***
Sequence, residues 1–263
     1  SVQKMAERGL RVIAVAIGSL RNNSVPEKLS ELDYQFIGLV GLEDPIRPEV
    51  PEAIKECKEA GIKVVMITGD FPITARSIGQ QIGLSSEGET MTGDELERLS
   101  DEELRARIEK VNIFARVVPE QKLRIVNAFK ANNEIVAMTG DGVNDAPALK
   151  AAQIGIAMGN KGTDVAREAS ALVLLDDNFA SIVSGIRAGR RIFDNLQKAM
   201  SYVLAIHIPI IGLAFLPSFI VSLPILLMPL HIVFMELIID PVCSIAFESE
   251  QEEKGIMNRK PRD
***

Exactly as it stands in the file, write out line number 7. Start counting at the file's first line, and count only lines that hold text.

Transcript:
   251  QEEKGIMNRK PRD